Science fiction horror novels aren’t my usual reading fare, but this book was so hyped, that I thought I’d give it a try. Unfortunately, the hype was undeserved and the book suffered from a number of problems. First of all, this is the English translation of a book originally written in Norwegian. I have read translated books before that worked really well; this was not one of those. The translation seemed rushed, the sentences felt stilted, and the overall feel of the book was clinical. It was also obvious from the writing style that Harstad primarily writes scripts. The benefit of this was that I could practically see the second half of this novel as a movie, but I had
hard time appreciating it as prose.

Harstad also spent far too much time on set up, introducing the characters and the training program. The crew doesn’t even land on the moon until halfway through the novel. This would be fine if I actually felt like I knew and sympathized with the teens by the time the landed, but I didn’t. In fact, there is hardly any character development and none of the characters are likeable. Even though the book is told from all three teens’ points of view, Mia is arguably the main character. She is also the least likable and the least believable. It is hard to get pulled into the suspense of a horror novel when the set up takes so long and readers don’t sympathize with
the characters.

The horror and suspense elements were also lacking. It is hard to get pulled into the suspense of a horror novel when the set up takes half the book and readers don’t sympathize with the characters. The other problem is that the “bad guy” is never fully described and explanations about why or what was happening were left vague. Whether that was intentional or not, it made it difficult to understand what was actually terrorizing the crew. In the end, the book just wasn’t scary and the twist ending didn’t seem possible based on known plot events.

172 Hours on the Moon had so much potential and could have been a unique, thrilling, terrifying YA read. Instead it stumbles at every turn and, ultimately, leaves readers unsatisfied.

Book Source: my local library
Reviewer: Kimberly

Recommended Ages: 16+ for violence and horror elements

Recommended to Readers of:

Monday, November 5, 2012

Unforeseen Circumstances

My schedule this week has been thrown into disarray by a family tragedy.
Will be back to regular blogging next week.


Thursday, November 1, 2012

TEENS4TEENS: Peer Tutoring Program

One of the questions I have been asked constantly while working in a public library is: where can my child get tutoring for _________ (subject)?  Since my current library does not offer tutoring for children or teens of any kind, I decided to get a little creative and give my teens another volunteer opportunity.  Thus was born TEENS4TEENS (T4T).  I've been running this program for about two months now and have approximately 30 teens involved with the program.  So far, response has been overwhelmingly positive.

This is a low cost program but does require a substantial amount of time to set up and coordinate.  However, you are providing a great service for your teens who are struggling academically while allowing the teens who need volunteer hours a chance at earning on a weekly basis.  This program really is win/win for the teens involved.

How do I start a T4T Program at my library?

  • Set 2-3 specific times during the week as T4T official times.  Example: Mondays & Thursdays 6:30-7:30pm and Saturdays 10:30-11:30am.  I recommend limiting tutoring sessions to one hour, once a week so as to not overwhelm Teen Tutors.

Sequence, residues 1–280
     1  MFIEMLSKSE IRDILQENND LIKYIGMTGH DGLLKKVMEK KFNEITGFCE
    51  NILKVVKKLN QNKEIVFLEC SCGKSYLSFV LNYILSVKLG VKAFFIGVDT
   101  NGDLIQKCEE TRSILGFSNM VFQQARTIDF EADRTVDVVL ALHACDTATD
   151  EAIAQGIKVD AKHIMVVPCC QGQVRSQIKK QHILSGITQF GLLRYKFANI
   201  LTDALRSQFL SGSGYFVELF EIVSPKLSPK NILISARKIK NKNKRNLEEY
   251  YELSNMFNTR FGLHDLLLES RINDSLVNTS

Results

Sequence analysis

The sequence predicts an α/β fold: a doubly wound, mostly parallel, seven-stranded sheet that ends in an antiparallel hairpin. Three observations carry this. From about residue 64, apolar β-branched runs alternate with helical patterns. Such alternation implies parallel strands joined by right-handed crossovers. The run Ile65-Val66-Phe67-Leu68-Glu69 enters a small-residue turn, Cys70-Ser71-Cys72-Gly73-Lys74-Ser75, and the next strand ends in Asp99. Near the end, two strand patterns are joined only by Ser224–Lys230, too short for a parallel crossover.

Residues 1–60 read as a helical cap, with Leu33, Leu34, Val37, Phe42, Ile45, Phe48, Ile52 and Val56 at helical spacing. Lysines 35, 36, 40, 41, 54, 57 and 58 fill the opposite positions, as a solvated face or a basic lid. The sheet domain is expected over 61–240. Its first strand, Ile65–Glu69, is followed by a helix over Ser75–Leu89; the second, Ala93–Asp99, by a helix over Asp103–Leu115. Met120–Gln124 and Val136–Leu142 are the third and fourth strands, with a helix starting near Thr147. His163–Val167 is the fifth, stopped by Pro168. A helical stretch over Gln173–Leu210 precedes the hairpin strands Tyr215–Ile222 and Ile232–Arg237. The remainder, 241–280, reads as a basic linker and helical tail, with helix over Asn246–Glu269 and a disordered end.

• Reserve a specific (public) meeting space for T4T - To protect both you and your teens you want the tutoring session to occur in the open, not in a closed room.  Example: My library's T4T sessions occur at the tables in the Teen Area.  I have signage posted that that are is reserved for T4T during the three days/times of official T4T tutoring sessions.  If someone is loud they are asked to move.
  • Limit ages for both tutors and students. Example: I only take 12-18 year olds in grades 6-12.
  • Develop both tutor and student application forms as well as signage for the program.  Example: See Files tab at top of blog.
  • Create form letters for First Meeting Introduction, Tutor Instructions and Student Instruction emails. Example: See Files tab at top of blog.
  • Contact local schools to let them know about the program and that you are looking for teen volunteers.
  • Set limit to number of times either a tutor or student can "no show" before being removed from the program. Example: My program has a three strikes rule. If a tutor/student fails to show three times (not consecutive) without contacting the library or the person they are meeting, they are dropped from the program.
  • Devise a way to track teen volunteer hours. I track mine on a monthly basis by having teens sign in and out each week and then entering the information on an Excel sheet.
I've done all that.  Now what?
Now comes the hard part - coordinating it all!
  • As teens begin submitting applications begin matching them based on meeting time and subject.
  • When parents submit applications for tutoring (i.e. needing tutoring) make sure they are aware that the tutors are volunteers and that it may take some time to match their child.
  • Prepare for the program to start off slowly.  As word spreads about "free tutoring" you'll likely begin getting more "needs tutoring" applications than you can keep up with. I just keep them on file and contact the teen/parent via email every week or so until I can get them matched.
Issues You Will Face:
  • As you know, teens can be notoriously flaky.  Tutors show and their students don't or students show and their tutors don't.  This is why I've developed the three-strikes rule and am very strict in enforcement.
  • Teens don't always check their email.  If I have sent an email and not gotten a response within 48hrs I call and leave a message for the teen to contact me.  (Training teens to check their email at least every other day is good for older teens as they begin applying for scholarships and colleges.) Feel free to point out that it is their responsibility to check for the message as you will not have enough time to call everyone involved in the program.
  • Pushy parents.  There will be parents who harass you about matching their students or who will have unreasonable expectations about what kind of tutoring is being offered.  Make it clear that this is a peer tutoring program and that teens are helping other teens.